Social Media, and How The past Comes Back to Bite

Post Date: 07/02/2013 01:28 pm

     As a recovering chef, we can count on one hand the Food Network stars we actually respect.  Paula Deen has never been one of them; we found her approach to TV cooking long on blather and short on technique, and having eaten at her restaurant in Savannah we think her reputation is wildly overblown.

    Those things, in our view, might have justified dropping her from the Food Network lineup, though we’ll admit people like us aren’t the network’s core audience.  But we’re fascinated – and appalled – that she’s just been jettisoned by the network (and some big-name sponsorship relationships) for something she admitted saying years ago.

    That something, in case you’re unaware, is the so-called “n-word” – a term used freely and colorfully to this day by African-Americans but which is commonly held as off-limits to anyone who isn’t.  Deen admitted in a deposition (in a lawsuit not related to race relations) that she’d used the term years ago.

     We have little truck with political correctness but think that In general, the way the word is used (or not used) today is a reasonable, gratifying and significant mark of this nation’s progress away from institutionalized racism.  In most of its 19th and 20th century connotations it was used in extraordinarily ugly ways.  Today, it’s used – among those unofficially permitted to do so – as an almost affectionate term.  

    Even so, it seems to us that what happened to Deen is entirely unreasonable.  Deen’s firing is the direct result of a social media assault.  Like most such assaults, large numbers of people drew conclusions based on one fact that was presented without context, and they were egged on by partisan media and certain corners of the blogosphere that have a vested interest in keeping the idea of broadscale racism alive.

    Twitter, incidentally, is an especially dangerous tool in this regard.  The character limitations of Twitter all but guarantee a lack of nuance and detail, and the re-tweet function means that an item can propagate quickly with no thought involved by those who pass it along.

    In the face of this online version of torches and pitchforks, large corporations decided to cut their losses and shove Deen out the door.


    If you don’t find that worrisome, you should.  Decades ago, many people – of most races, we’d bet – used that term and others of of similar pejorative value without much regard for the inherent cruelty of the terms.  We confess that we did so ourself back then, almost invariably in the form of the type of jokes favored by adolescent males (who tend to find jokes demeaning others riotously funny, no doubt reflective of the average adolescent male’s own uncertainty regarding his place in the world).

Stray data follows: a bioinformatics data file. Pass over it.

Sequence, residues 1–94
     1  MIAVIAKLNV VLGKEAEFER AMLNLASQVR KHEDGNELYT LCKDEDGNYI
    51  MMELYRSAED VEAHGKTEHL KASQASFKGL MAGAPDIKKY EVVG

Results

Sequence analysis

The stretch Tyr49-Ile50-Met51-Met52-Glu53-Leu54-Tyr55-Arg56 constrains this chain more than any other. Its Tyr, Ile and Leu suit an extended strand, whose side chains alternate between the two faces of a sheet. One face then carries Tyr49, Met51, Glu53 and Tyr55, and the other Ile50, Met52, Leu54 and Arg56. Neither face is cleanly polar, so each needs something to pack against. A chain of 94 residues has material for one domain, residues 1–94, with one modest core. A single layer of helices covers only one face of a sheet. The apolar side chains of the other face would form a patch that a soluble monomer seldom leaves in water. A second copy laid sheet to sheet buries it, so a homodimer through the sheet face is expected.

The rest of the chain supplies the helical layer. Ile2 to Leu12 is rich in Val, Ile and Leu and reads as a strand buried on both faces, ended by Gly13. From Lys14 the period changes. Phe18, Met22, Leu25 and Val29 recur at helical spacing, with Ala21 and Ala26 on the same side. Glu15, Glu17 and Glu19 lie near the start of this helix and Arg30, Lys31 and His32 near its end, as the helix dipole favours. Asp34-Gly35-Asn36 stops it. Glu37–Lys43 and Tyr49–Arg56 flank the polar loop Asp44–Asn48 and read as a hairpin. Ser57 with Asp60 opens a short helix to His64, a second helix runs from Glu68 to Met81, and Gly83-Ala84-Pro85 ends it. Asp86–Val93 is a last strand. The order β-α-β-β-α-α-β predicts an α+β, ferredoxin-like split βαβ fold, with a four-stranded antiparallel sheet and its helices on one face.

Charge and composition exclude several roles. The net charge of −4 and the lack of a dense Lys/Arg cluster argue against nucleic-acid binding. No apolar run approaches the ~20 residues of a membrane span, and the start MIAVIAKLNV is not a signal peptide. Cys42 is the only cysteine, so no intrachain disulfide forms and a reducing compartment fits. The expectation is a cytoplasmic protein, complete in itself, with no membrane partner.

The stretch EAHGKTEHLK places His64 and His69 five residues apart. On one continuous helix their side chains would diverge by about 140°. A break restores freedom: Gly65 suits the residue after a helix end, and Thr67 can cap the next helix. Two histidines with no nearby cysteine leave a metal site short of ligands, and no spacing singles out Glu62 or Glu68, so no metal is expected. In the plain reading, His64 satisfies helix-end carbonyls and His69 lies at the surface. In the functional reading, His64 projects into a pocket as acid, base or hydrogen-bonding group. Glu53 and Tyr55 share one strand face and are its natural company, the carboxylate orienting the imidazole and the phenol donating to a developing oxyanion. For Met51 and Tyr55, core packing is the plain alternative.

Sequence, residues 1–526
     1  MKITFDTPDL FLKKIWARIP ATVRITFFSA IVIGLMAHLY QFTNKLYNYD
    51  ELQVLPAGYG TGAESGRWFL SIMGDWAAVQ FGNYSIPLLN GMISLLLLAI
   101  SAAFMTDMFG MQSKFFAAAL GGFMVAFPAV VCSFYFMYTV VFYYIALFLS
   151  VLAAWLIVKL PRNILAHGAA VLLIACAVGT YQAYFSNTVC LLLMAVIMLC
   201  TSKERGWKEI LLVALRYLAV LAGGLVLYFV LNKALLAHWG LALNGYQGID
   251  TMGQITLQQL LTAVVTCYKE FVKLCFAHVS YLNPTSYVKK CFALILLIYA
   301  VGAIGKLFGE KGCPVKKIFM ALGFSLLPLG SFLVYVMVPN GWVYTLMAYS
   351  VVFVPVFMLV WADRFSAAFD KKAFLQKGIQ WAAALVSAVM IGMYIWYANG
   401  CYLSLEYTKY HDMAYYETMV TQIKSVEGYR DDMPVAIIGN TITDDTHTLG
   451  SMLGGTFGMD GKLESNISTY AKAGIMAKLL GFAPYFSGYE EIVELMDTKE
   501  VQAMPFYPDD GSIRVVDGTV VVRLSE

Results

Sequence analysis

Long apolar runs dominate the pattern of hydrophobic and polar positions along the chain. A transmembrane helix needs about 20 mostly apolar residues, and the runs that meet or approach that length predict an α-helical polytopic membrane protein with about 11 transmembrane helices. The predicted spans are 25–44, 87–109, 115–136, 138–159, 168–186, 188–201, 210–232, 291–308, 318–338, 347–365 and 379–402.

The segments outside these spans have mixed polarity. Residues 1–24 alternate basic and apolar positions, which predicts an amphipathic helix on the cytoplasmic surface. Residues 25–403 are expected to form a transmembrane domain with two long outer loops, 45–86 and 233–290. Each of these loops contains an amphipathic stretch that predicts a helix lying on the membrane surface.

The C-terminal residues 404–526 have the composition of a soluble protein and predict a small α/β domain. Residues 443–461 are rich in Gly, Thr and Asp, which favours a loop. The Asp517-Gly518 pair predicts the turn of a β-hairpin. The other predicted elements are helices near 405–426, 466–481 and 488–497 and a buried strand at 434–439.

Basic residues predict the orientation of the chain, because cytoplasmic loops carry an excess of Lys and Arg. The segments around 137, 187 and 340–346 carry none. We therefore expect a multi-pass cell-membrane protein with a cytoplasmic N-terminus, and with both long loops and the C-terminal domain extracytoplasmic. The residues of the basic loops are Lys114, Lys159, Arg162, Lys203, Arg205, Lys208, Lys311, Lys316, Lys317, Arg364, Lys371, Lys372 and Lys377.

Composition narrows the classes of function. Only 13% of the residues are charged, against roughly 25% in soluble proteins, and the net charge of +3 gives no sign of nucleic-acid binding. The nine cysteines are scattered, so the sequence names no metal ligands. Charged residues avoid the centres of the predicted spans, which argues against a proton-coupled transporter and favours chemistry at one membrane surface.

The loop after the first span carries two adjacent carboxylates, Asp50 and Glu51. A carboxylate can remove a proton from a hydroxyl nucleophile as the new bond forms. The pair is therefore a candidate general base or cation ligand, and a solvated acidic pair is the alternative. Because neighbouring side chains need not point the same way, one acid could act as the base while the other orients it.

Perhaps you’ve never said anything hurtful in your life, and if this is the case we’d be delighted to buy you a beer, so that we can pick your brain in order to find out how you did it (or determine just how much of a liar you actually are).

    Even so, Deen’s situation is a cautionary note for all.  Social media can result it one being pilloried for something said or done many years ago, even if no actual malice was intended (that’s Deen’s position and we’ve little reason to doubt her).  It bears repeating that this story keys on ONE FACT that wasn’t presented in proper context – and that’s the sort of thing can happen to anyone.

    Today, Deen’s Facebook page – and that of the Food Network – both show remarkable support for Deen, and we strongly doubt that she’ll ever have to worry where her next meal will come from. 

    With that said, there are some key lessons from this story about crises in today’s environment:


  1. The past can come back to bite you, even if what’s carrying the teeth today wasn’t seen that way back then.
  2. The media will almost invariably glom onto the most spectacular aspect of any story, in order to attract ears and eyeballs.
  3. The public is only too happy to assume the worst, and both can and will arrive at an incorrect and/or unfair conclusion based upon scant information.  It tends not to second-guess a one-sided story.
  4. The best defense is prophylactic: to maintain an overwhelmingly positive relationship with stakeholders, using every tool at your disposal to do so.  Those people will almost invariably rise to your defense when something goes haywire.
  5. Even if you execute #4 perfectly, you can still get screwed.